Policy Matters: China’s 20th party congress


Policy Matters: 20th party congress reaffirms development and its focus on technology innovation

The 20th party congress of the Communist Party of China (the party congress) was held in the week of 16 October 2022. With widespread news coverage already made about the meetings – and with a particular focus on President Xi’s work report and the new formation of the Politburo Standing Committee – now is probably the time to look at their investment implications.

But, first things first, what is the party congress, and why does it matter?

The party congress is a political gathering of senior representatives from the Communist Party of China (CPC), which was founded in July 1921 and is now more than 100 years old.

As the country’s ruling party, the CPC had over 96 million members at the end of 2021, which is more than the combined population of Canada and Spain.

The party congress, held once every five years, attracts most people’s attention, as it usually sets the path of development for the party leaders and the country.

One of the most important events to watch this time was the election of the Politburo Standing Committee (PSC), which is the party’s most senior body. This was first unveiled after the conclusion of the party congress (and in the first plenum).

The chart below shows a snapshot of CPC’s core power structure:

The new leaders

In a widely expected move, President Xi was re-elected to the PSC as the General Secretary, representing his third consecutive term and indicating a strong sign of policy continuity.

Meanwhile, it is also noteworthy that:

1. The total number of PSC members remains unchanged at seven members.
2. Other than President Xi, only two other members of the PSC were re-elected. In other words, more than half of the new leadership committee are “new faces”.

PSC members with a summary of their backgrounds:

What are the key messages from the party congress?

President Xi’s opening speech and work report have largely summarized the achievements in the past years and outlined some key objectives for the future. These objectives include prioritizing the development of education and self-sufficiency and strengthening technology, among others.

However, the work report focused on structural and schematic issues. Hence, anyone attempting to search for the direction of the country’s anti-Covid policies and their economic implications (or any specific details) may find that quite stretched. As one sell-side analyst has written, the “analysis of the wording [of Xi’s report] is like reading tea leaves”.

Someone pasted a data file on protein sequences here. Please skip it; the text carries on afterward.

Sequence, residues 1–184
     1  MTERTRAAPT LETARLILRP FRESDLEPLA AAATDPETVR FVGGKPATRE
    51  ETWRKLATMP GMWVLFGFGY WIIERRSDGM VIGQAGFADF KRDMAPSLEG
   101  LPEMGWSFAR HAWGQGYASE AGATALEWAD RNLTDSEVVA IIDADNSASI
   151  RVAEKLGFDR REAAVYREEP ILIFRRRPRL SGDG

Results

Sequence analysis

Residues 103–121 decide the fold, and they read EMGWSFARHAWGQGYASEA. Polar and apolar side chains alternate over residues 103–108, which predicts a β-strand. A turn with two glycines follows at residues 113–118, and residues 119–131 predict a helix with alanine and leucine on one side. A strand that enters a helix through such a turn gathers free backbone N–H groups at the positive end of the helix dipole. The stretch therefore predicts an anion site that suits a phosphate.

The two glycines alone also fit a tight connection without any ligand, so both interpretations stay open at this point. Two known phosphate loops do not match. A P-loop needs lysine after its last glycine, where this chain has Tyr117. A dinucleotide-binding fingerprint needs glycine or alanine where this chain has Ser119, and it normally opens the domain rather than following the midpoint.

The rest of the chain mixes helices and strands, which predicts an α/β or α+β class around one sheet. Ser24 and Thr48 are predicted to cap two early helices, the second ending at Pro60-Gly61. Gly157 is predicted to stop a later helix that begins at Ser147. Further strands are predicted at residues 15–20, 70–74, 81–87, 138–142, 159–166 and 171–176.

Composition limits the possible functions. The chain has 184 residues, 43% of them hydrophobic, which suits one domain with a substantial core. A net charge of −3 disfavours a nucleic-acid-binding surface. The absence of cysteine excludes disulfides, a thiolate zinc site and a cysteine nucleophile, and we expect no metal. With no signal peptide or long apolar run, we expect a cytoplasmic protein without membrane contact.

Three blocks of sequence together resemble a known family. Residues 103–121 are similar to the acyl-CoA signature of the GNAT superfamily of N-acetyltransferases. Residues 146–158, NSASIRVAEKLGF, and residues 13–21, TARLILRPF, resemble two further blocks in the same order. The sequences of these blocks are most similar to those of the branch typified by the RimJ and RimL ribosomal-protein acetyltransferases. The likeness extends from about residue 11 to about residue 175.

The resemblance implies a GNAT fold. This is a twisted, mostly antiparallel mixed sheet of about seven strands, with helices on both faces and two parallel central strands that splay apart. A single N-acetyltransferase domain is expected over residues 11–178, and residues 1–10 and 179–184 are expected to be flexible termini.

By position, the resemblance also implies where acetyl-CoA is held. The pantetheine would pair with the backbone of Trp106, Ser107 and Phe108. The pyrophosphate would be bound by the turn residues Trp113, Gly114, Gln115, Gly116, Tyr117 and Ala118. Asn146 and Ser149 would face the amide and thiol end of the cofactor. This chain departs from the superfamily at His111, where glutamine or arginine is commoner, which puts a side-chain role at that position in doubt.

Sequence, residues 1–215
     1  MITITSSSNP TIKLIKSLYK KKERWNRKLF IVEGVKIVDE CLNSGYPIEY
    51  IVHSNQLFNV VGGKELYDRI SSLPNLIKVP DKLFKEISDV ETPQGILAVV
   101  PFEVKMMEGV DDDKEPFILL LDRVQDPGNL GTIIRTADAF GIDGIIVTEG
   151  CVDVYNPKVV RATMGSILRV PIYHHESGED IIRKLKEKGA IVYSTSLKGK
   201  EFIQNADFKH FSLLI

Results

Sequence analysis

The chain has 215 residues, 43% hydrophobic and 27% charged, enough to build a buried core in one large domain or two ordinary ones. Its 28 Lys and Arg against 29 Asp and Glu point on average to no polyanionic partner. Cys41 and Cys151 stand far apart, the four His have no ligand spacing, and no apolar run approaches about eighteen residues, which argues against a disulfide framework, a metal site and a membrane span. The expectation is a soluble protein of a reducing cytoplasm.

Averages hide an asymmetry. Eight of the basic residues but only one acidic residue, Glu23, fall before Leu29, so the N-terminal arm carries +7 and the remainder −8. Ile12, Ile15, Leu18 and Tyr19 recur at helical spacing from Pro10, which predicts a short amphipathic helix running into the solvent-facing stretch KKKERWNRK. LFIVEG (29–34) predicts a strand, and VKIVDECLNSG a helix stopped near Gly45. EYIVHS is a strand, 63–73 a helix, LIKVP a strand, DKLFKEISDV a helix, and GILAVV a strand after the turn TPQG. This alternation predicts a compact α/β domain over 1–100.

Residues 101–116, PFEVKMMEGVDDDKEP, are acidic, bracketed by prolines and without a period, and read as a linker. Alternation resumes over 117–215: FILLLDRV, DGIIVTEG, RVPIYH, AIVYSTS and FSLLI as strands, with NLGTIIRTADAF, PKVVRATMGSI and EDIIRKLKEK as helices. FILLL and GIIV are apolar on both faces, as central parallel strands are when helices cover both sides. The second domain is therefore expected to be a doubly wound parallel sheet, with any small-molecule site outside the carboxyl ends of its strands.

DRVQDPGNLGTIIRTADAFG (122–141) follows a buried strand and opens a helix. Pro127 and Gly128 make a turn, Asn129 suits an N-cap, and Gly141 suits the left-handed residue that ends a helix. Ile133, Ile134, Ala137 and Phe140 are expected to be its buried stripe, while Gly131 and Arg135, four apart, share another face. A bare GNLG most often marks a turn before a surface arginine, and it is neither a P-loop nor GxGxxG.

That said, one way to analyze the party congress is to count the number of word mentions (Figure 1). This year, it doesn’t come as a surprise that the most mentioned word is “development”, which also appeared frequently in the work report. While we expect “development” to remain China’s top priority, policy direction could also focus more on “technology”, which has seen a tremendous pickup in terms of mentions.

Figure 1: Key words/mentions in the 20th party congress

We believe the party congress reinforces the stability of leading powers and policy continuity in China. These are considered vital to counter the significantly changing external environment and ensure the country remains on track to achieve long-term quality growth.

That said, technology in China will remain under the spotlight as a key pillar of China’s economic modernization. Statements made during the party congress suggest this, such as “technology is the first productivity and innovation is the first power”, and “accelerate the implementation of innovation-driven development strategy”. This indicates that technological innovation in China, as represented by the increased R&D spending, will remain a focus of the ruling party. According to World Bank data, China’s R&D spending as a percentage of GDP has continued to rise through the last two decades, although it is still behind other developed countries(Figure 2). This trend is likely to continue and, coupled with China’s growing economic scale, could support the country’s transformation towards an innovation-driven and modernized economy.